The new Care Act (2014) came into force on 1 April 2015 and gave carers important new rights, placing carers on an equal footing to the people they care for. The care provided can be practical or emotional support. These rights include taking into consideration the carer’s health and wellbeing, family relationships and their need to balance their home life with their education or work. In addition, all local authorities must provide advice and information to try to prevent carers’ needs from getting worse. A carer can refuse an assessment, but still has the right to one even if the person they care for refuses services.

Carers Support Merton carries out (non-urgent) Carers Assessments and reviews on behalf of the London Borough of Merton.

The assessment must consider...

  • whether the carer is willing and able to continue to provide care
  • the impact of caring on their own wellbeing
  • how the provision of support would enable a carer to achieve their desired day to day outcomes
  • how the carer can gain access to resources or support from the wider community

 

Following an assessment our experienced Needs Assessors will assist the carers we assess to develop a Support Plan. We will facilitate the Carers Discretionary Grant, where applicable.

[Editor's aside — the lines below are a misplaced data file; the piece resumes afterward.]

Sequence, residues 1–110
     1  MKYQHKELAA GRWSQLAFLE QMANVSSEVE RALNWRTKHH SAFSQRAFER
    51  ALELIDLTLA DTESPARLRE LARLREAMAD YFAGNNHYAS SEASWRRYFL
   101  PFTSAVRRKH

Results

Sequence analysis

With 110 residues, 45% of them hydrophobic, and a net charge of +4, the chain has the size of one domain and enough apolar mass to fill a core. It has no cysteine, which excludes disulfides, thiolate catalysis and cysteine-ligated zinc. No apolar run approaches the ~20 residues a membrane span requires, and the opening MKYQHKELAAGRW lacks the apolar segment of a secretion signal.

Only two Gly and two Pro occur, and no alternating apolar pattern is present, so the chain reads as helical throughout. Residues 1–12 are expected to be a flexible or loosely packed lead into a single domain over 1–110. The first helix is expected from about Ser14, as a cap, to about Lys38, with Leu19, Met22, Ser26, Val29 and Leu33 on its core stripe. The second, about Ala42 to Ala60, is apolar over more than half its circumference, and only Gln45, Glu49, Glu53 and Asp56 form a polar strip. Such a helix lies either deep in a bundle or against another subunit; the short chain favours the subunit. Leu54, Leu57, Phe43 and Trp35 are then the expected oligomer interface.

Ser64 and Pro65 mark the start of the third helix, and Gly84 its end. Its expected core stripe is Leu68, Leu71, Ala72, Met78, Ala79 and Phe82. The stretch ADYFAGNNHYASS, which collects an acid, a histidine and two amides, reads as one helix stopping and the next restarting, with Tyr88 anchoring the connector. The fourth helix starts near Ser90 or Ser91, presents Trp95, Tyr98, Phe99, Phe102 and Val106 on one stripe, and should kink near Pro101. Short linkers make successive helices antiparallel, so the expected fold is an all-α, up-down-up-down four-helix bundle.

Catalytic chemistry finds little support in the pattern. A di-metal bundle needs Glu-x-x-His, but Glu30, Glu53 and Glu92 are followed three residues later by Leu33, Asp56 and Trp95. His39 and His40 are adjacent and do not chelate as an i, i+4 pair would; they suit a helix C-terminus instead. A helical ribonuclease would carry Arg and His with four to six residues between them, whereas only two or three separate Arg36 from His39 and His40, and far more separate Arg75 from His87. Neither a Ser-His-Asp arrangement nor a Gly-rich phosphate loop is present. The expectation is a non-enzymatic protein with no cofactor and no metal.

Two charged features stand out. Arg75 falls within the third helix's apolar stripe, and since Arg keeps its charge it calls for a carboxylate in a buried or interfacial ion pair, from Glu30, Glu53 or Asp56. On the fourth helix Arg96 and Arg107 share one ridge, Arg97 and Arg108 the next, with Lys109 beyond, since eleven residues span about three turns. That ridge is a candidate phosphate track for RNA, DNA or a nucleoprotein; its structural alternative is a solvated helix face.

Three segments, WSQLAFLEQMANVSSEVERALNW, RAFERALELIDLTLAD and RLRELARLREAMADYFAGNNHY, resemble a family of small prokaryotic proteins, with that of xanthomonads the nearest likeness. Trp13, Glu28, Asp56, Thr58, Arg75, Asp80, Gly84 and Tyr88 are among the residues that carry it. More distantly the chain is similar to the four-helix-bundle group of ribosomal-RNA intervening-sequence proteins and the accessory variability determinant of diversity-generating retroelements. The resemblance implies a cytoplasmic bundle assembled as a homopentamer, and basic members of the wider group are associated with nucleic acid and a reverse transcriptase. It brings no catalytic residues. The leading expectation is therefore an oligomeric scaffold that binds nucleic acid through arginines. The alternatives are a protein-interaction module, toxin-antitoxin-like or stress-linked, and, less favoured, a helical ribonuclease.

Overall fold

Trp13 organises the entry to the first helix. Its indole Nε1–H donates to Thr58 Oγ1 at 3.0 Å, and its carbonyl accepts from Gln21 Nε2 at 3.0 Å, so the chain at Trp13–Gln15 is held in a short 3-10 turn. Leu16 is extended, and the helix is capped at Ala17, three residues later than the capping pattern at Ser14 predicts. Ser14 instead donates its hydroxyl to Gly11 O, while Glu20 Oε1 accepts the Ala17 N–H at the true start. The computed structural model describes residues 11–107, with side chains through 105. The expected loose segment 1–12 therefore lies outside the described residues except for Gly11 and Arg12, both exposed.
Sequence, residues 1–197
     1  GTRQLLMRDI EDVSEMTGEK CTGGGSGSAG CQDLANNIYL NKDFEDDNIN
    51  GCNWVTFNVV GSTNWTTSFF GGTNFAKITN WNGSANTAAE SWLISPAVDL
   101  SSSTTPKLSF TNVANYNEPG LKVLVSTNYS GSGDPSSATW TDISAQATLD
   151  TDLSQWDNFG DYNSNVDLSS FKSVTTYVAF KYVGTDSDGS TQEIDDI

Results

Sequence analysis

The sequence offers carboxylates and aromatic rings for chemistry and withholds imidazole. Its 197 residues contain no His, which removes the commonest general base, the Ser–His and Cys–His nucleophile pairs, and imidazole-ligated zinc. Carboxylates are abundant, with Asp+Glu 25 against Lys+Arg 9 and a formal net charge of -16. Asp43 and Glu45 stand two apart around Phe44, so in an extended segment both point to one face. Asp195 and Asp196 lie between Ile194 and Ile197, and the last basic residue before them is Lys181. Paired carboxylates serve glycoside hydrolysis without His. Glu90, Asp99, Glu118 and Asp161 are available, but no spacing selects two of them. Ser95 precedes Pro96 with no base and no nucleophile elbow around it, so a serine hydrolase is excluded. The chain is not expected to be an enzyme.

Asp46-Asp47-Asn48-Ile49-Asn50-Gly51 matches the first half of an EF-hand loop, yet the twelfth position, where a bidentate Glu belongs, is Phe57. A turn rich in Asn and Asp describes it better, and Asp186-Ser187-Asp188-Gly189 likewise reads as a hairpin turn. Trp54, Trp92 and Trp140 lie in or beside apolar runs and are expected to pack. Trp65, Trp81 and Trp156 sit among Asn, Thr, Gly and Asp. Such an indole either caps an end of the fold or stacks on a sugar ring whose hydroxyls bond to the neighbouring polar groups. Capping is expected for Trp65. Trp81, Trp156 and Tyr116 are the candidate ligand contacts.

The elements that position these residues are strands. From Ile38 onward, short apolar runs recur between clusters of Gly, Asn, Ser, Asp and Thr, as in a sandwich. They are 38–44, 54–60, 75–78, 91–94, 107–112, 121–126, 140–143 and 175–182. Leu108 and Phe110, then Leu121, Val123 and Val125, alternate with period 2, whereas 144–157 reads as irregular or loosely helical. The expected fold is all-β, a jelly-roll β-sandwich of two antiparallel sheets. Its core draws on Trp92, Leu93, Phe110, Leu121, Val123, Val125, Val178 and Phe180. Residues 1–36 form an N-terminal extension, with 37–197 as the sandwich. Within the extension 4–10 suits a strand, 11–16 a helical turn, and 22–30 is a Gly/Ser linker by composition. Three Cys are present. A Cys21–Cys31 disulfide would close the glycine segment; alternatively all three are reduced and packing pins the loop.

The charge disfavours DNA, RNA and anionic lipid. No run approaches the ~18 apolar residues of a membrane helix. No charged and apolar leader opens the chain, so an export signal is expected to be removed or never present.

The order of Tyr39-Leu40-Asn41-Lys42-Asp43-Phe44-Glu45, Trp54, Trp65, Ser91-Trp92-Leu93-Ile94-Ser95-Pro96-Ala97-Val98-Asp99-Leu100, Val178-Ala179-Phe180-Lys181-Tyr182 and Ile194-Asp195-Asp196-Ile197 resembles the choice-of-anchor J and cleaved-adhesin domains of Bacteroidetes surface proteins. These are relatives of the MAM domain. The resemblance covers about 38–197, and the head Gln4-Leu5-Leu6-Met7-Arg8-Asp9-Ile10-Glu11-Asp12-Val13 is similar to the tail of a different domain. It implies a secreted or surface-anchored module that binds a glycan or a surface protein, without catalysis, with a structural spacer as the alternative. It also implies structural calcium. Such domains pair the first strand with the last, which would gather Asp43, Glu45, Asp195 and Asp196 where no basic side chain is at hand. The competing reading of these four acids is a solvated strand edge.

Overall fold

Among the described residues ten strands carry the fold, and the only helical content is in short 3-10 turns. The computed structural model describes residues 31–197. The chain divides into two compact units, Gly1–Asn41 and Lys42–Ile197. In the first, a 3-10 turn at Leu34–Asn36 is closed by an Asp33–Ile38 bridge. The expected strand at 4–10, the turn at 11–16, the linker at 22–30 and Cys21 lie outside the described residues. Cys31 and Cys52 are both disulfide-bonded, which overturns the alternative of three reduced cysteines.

If carers’ needs are found to be eligible they are entitled to support, sometimes funded by their local authority. CSM can make suggestions regarding services and support plans for the carer. Merton Council holds the budget and will make the final decision regarding the suggested services.  If you would like to know more or to request a Carers Assessment, you can contact us directly to arrange one.

“I have just had an assessment done. I have been my son’s carer for the last 27 years unpaid and at this assessment I was asked about my needs. This has never happened before. ” Carer *

“It is the only time in the year when I am asked about me. That in itself validates the process in my eyes. We discuss me, how I am coping and what’s available. All our other contact with healthcare professionals centres around my husband. Having that opportunity and someone who understands without me explaining has meant something. ” Carer *

“Knowing I have the right to be asked if I am ‘willing and able to continue caring,’ has stopped the crucifying assumption I have a duty to care until I drop.”Carer*

* Carers Trust 2016